The unnamed girl was brought to the UK from Somalia with the intention of removing her organs and selling them on to those desperate for a transplant.
Child protection charities warned that the case was unlikely to be an isolated incident as traffickers were likely to have smuggled a group of children into the country.
The case emerged in a government report which showed that the number of human trafficking victims in the UK has risen by more than 50 per cent last year and reached record levels.
This is exactly what I mean when I say that we abandon the embryo at our own peril. Once we accept the exploitation of one of our species for parts, then we all start to look like harvestable biological material that could be used better somewhere else.
Is it just a coincidence that as the West creates and destroys embryos on a massive scale, exploitation of those in the third world for their body parts by rich Westerners is on the rise? I doubt it.
This is the world we live in. Without a fundamental shift back to the understanding that human life is sacred no matter the stage of development, skin color, or socioeconomic status, this is going to continue and likely get worse.
Maybe it is time to consider Scott Carney’s proposal to get rid of anonymity in the flesh trade. Carney is an investigative journalist who has covered the red market, the market in human parts, all over the world. His book, The Red Market: On the Trail of the World’s Organ Brokers, Bone Thieves, Blood Farmers, and Child Traffickers , covers everything from blood transfusions, to kidney transplants, to egg donation, to surrogacy. The book sadly exposes the exploitation of the poor and weak that is rampant.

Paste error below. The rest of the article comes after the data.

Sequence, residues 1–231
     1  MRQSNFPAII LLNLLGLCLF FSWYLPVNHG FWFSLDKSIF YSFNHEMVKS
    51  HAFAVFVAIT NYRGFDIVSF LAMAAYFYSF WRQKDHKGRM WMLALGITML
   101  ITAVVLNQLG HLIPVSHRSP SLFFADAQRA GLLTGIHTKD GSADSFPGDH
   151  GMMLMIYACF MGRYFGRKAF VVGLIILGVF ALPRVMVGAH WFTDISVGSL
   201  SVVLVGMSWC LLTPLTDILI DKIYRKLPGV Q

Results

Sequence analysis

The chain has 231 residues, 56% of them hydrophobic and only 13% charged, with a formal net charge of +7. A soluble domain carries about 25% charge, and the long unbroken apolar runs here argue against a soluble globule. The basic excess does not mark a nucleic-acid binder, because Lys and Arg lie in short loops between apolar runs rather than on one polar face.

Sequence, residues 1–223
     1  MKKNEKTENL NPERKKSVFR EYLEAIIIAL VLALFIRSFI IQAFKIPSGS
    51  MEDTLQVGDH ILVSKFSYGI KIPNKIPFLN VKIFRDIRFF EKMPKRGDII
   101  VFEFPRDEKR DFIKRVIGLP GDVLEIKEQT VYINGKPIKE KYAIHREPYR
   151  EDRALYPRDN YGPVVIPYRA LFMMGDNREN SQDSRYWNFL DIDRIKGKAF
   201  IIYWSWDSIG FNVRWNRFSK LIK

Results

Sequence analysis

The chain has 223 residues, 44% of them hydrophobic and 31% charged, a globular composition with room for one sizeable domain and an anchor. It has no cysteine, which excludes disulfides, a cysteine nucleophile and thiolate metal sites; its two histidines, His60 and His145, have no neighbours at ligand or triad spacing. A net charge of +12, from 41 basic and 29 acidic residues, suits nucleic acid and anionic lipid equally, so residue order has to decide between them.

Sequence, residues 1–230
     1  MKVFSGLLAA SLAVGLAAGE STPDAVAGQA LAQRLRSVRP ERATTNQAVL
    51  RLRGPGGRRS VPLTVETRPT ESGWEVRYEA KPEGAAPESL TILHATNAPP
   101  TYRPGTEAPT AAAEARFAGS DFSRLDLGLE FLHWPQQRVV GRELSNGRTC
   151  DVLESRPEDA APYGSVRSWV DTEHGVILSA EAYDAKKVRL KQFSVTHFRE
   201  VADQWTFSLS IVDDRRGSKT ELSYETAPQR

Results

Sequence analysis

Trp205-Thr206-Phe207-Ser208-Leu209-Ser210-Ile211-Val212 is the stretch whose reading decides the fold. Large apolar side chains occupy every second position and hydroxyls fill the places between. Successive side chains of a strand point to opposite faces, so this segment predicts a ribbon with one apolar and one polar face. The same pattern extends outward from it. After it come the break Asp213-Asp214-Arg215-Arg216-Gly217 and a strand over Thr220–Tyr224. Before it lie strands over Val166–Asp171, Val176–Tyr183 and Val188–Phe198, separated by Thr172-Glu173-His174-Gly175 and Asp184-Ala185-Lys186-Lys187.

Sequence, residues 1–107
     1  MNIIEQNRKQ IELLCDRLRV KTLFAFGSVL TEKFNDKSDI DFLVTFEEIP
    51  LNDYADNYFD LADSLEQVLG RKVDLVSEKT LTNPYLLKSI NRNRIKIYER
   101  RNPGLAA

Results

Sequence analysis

Carney asserts that it is the anonymity of organ transplants, blood transfusion and even egg donations that allows body brokers to exploit the poor and allows the recipients of ill-gotten parts to turn a blind-eye. Would you be so quick to accept that kidney if you knew it came from a girl from Somalia? Would a doctor transplant such an organ?
Obviously, anonymity is in place to protect both donor and recipient. But that is in a wholesome system were parts are obtained ethically. Anonymity in a world such as ours, where the West seems to have an insatiable appetite for parts, just protects the black marketeers and keeps their victims out of sight. No one is responsible because no one knows anything.
It is time to bring sunlight to the dark shadows of a growing organ market. Maybe getting rid of the anonymity that clouds the trade in body parts is a step in the right direction.